Though it is not part of the current proposal, we also urge the board to review the allowance of inert ingredients that had been classified by EPA as “List 4” reduced risk inerts. As we know, “inert” ingredients in pesticides are in no way inert. They are simply not the claimed active ingredients in the pesticide products, and may have negative impacts on human health and ecological systems. The Organic Foods Production Act does not make any mention of a special allowance or exception for inert ingredients in the review of materials. All synthetic materials used in organic production must be subject to individual review by the NOSB. We urge the board to adopt a policy which would implement this practice.

Regardless of the strategy for addressing the former List 4 materials, the three or four former List 3 chemicals must be addressed immediately with a full review as required by the Organic Foods Production Act. These chemicals never should have been listed without review, and their listing cannot be justified by any rationale applied to the former List 4 materials. Submit comments.

GMO Vaccines
Proposed Committee Recommendation

We urge the NOSB to reject the proposal from the Livestock Committee to allow the use of GMO vaccines without review in emergency situations. Of the approximately 73 registered animal vaccines, 13 are produced using genetically modified organisms (GMOs, also known as “excluded methods” in organic rules). GMO vaccines are not legally allowed in organic production. This recommendation proposes a change which will allow GMO vaccines only in a declared emergency without losing organic status of livestock.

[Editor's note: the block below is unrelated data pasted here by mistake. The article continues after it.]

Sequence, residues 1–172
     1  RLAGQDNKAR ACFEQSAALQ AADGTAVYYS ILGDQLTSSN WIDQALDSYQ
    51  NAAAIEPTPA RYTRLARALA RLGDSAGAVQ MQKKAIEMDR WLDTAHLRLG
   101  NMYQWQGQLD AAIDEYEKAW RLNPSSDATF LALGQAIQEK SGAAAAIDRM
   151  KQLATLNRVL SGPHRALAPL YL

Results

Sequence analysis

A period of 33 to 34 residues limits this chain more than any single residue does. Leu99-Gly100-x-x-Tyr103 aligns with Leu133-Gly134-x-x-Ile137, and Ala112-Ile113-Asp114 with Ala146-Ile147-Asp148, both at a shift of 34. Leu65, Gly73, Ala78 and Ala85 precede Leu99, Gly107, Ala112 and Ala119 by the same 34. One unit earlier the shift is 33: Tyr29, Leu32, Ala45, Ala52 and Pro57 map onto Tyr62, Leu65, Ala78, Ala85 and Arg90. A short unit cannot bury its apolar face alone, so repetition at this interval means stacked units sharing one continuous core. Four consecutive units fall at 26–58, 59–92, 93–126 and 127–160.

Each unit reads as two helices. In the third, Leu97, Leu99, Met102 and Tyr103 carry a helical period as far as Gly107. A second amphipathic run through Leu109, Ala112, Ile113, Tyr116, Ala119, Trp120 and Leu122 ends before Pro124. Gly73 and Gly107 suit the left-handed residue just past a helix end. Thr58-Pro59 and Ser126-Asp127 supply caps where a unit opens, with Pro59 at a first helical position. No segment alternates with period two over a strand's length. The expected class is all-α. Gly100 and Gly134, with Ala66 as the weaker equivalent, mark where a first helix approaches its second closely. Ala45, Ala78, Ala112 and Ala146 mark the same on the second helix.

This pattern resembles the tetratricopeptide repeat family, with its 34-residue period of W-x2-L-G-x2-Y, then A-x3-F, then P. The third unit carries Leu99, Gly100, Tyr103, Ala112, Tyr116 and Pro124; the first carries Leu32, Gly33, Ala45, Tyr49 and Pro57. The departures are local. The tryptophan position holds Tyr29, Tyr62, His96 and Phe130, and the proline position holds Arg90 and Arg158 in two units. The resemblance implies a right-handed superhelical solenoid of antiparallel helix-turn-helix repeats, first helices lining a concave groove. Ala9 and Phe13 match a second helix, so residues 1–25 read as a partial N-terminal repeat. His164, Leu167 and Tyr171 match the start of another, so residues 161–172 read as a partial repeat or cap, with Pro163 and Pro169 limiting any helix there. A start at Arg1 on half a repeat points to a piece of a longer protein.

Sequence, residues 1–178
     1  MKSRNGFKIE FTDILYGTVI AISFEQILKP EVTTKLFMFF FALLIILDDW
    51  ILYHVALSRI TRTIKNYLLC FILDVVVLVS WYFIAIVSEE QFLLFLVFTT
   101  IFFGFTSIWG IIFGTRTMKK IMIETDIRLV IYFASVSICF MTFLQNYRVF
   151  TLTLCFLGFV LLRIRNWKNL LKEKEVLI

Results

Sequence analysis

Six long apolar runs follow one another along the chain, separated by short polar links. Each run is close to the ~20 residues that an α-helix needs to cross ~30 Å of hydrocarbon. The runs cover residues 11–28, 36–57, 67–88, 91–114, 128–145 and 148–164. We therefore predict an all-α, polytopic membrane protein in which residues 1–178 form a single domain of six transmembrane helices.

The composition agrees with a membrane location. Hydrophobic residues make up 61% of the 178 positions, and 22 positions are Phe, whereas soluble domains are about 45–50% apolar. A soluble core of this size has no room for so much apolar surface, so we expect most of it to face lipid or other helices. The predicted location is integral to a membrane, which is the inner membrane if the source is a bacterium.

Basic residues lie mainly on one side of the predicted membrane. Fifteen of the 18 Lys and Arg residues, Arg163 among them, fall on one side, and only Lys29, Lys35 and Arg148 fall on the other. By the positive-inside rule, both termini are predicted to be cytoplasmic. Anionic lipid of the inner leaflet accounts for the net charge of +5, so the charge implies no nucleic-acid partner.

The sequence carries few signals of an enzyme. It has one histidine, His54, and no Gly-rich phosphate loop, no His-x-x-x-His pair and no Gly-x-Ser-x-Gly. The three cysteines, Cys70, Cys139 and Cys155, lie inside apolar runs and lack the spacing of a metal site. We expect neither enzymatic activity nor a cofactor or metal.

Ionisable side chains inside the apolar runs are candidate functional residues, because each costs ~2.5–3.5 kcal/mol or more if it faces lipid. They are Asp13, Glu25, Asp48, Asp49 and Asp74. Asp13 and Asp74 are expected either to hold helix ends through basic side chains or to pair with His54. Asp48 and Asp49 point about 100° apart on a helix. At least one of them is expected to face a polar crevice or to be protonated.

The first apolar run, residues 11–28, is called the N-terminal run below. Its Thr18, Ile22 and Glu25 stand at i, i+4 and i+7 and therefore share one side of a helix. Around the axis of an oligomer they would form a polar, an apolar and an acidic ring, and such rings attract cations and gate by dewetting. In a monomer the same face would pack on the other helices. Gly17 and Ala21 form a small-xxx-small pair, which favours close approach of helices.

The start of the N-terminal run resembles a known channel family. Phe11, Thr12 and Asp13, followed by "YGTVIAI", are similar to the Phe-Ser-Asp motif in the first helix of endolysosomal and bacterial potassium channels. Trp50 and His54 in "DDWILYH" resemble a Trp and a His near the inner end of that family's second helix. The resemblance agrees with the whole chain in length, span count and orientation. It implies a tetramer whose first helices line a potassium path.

The Livestock Committee does not dispute the fact that the categorical approval of GMO vaccines fails the NOSB’s criteria regarding need, impacts on humans and the environment, and compatibility with organic principles. The recommendation would allow unreviewed GMO vaccines to be used in organic production under certain prescribed “emergency” conditions. We are concerned with the possibility for abuse of such an emergency allowance, in part because we have seen how emergency exemptions for pesticide use have been misused, in spite of every effort to tightly define an “emergency.” Submit comments.

Proposed Committee Recommendation

We urge the NOSB to reject the recommendation of the Handling Committee and to remove carrageenan from the National List. Carrageenan is extracted from certain red seaweeds and is used as a bulking agent, carrier, emulsifier, gelling agent, glazing agent, humectant, stabilizer, or thickener in a variety of foods. The Handling Committee is recommending that carrageenan be reclassified as a synthetic material. However, the technical review of material shows severe health effects from carrageenan, including “induction or promotion of gastrointestinal tract inflammation, ulcerations and/or neoplasms.” It also documents serious ecological impacts from both harvesting of wild seaweeds as well as culture of certain species for carrageenan production. Furthermore, carrageenan is unnecessary. The USDA technical review on the material lists a number of substitutes that “may be substituted for carrageenan to achieve a similar functionality when used either alone or in combinations.” The Cornucopia Institute has surveyed organic products, and found that every product made with carrageenan can be made without it. Some people prefer food that has none of these materials. Submit Comments.